Skip to main content

Movie Review: Wired To Win - Surviving the tour de France

One of our stops on vacation to give the kids a break from the car was COSI Columbus.

Their IMAX theater was featuring the movie "Wired To Win - Surviving the Tour de France". While the kids were off playing, I took the time to see this movie, which presented footage from the Tour interspersed with computer graphics and medical imagery to demonstrate how the brain deals with what some have called the ultimate test of the human brain.

The movies follows the efforts of Francais de Jeux riders Baden Cooke and Jimmy Caspar as they pursue their destinies in the 2003 Tour. We watch as they struggle to avoid danger, fight crushing pain and fatique, control their emotions, seize opportunities and stay motivated. Apparently, the movie producers originally planned to follow Tyler Hamilton, but his doping scandal at the Vuelta a Espana forced them to change to focus to Caspar.

Caspar was caught up in a huge crash in the first stage of that year's Tour and the cameras followed him as he struggled with his injuries through later stages. They used his injury, and the associated pain, to good effect, demonstrating how the body processes pain and the electrochemical interactions that take place in the brain. Caspar dropped out of the race in the high mountains and the focus switched to Cooke, who was challenging for the green sprinters jersey.

Of course, for me, the big highlight of the movie was watching the Tour on a 70 foot screen. The larger than life footage of the Tour winding through the French countryside and mountains was truly spectacular. The production staff captured the footage with a special remotely controlled IMAX camera mounted to a BMW motorcycle. There were also some amazing helicopter shots of the Alps.

If this movie comes to a museum near you, take the opportunity to see it. You'll feel like you're racing with the pros, or at least watching the race in person.

Popular posts from this blog

Bikes I Love: The Flyte SRS-2

"Bikes I Love" will be an ongoing feature of Bike World. I'll be posting overviews of race bikes, and trying to look at a variety of news sources and reviews to give a good overall impression of the bike. I'm calling these overviews, not reviews, as I'm not in the position to get my hands on most bikes at this point.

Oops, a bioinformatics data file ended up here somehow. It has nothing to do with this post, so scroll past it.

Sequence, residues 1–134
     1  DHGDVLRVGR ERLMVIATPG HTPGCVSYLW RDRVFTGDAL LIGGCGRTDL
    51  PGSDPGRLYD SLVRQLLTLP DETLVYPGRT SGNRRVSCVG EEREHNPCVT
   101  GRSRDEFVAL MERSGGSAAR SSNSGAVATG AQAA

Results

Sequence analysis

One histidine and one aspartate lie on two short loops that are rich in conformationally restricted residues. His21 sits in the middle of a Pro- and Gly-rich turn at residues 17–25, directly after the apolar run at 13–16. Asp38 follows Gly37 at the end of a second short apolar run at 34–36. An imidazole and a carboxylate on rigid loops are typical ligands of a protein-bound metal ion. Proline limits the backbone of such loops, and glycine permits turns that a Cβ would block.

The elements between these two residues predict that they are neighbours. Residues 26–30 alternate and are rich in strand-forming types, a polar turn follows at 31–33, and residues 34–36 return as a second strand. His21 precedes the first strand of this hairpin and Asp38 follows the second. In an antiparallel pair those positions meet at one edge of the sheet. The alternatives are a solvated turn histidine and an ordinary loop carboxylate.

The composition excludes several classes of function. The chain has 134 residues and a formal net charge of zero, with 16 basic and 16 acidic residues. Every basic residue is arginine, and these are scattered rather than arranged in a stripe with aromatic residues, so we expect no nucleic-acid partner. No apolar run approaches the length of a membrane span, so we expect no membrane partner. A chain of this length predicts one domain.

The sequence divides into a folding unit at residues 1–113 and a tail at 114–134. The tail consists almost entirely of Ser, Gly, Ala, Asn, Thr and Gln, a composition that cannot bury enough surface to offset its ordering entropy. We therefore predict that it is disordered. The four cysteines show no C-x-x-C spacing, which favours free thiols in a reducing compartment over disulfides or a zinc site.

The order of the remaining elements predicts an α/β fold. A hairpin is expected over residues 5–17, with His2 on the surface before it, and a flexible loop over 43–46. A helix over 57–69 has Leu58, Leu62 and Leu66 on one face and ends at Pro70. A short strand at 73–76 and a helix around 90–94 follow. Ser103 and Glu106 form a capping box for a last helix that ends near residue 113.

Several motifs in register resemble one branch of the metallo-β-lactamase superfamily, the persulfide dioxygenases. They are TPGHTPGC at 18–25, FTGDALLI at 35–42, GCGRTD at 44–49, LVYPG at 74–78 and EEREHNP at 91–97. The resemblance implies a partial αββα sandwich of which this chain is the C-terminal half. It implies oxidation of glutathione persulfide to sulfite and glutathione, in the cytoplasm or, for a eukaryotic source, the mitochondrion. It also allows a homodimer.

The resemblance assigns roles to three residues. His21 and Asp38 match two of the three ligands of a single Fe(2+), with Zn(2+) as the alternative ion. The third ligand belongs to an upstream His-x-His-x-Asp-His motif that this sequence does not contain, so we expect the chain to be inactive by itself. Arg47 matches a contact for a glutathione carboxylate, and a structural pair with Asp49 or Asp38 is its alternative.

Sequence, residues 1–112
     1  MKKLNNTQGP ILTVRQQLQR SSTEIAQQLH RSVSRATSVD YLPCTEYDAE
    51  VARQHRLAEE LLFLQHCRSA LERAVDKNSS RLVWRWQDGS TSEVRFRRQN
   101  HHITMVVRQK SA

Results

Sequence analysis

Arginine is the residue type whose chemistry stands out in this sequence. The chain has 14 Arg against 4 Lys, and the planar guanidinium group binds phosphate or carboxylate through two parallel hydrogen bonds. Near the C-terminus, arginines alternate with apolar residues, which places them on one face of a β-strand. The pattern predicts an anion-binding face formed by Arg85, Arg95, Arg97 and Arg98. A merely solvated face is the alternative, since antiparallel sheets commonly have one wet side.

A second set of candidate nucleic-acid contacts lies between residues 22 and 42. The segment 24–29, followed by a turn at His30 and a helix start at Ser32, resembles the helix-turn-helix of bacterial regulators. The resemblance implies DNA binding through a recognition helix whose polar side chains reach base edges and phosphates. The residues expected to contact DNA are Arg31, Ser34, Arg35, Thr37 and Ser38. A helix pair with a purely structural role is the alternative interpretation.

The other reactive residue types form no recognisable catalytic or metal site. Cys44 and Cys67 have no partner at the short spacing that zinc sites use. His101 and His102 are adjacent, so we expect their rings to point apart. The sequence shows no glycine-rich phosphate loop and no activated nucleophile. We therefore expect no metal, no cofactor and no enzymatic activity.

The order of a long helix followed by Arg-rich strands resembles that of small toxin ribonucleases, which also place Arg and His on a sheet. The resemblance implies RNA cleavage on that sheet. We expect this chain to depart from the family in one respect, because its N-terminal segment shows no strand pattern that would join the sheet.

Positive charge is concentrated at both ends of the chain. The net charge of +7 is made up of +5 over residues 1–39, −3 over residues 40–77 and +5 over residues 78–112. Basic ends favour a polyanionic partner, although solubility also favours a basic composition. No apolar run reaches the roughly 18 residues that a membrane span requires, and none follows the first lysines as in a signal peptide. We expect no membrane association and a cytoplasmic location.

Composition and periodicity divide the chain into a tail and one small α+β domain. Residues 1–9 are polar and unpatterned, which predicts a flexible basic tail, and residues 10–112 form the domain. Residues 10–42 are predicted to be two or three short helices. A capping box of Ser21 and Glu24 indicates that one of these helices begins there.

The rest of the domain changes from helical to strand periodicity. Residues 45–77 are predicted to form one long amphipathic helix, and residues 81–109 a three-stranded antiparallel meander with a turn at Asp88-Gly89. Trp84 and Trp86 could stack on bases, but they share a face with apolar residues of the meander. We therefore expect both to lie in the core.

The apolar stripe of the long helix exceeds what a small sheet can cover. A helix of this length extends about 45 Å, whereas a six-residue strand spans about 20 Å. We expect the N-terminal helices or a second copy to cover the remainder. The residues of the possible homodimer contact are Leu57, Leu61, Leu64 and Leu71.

That said, I'm going to start this feature with a review of the Flyte SRS-2. In this case, I can call it a review as I actually own and ride this bike.

Here's how I have the bike set up:
54 cm Flyte SRS-2
Reynolds Ouzo Comp fork
Flyte stem (90mm)
Airborne OS anatomic handlebar
Tacx bottle cages
Ultegra brakes
105 shifters
Ultegra front derailleur
105 rear derailleur
105 cranks
Generic carbon fiber seatpost
Selle Italia saddle
Look Keo Classic pedals
Alex DA-28 wheelset
Michelin Dynamic tires

I purchased my SRS-2 frame directly from Flyte in the Spring of 2006. I was fortunate to work about 4 miles from their former office. The frame was on sale in their "…

Lance Breaks His Silence On The Landis Decision

When first asked a couple of weeks ago about the decision in the Floyd Landis case, Lance Armstrong basically implied that he didn't keep up with cycling anymore and that he didn't have time to look at it.

Now, in a new interview released yesterday, Armstrong blasts the decision of the arbitration panel and states that he feels that Landis would have been exonerated by a jury.

It's about time he spoke up. He may be focused on finding a cure for cancer, but he needs to recognize that for most Americans, he is the person that comes to mind when they think about professional cycling.

Eurobike Looks To Grow

In a press release issued today, the Eurobike Exhibition seems to be looking to grow even larger, with 2 new exhibition halls and additional parking. The full text of the press release is below:
Heavy construction machinery has been put to work now that the expansion of the exhibition grounds is in full swing at the East Entrance. Lord Mayor Josef Buechelmeier, chairman of the Messe Friedrichshafen supervisory board, has given the go-ahead for work to begin on the expansion of the exhibition grounds, scheduled for completion in 2009.


In addition to new parking facilities in the immediate vicinity of the grounds, the expansion plans include the construction of two additional clear-span halls and a new entrance complex complete with seminar and conference facilities. The new exhibition halls are expected to be already available for use in October 2008. The revamped East Entrance, complete with Foyer and conference rooms, will be inaugurated in summer 2009, the Eurobike scheduled…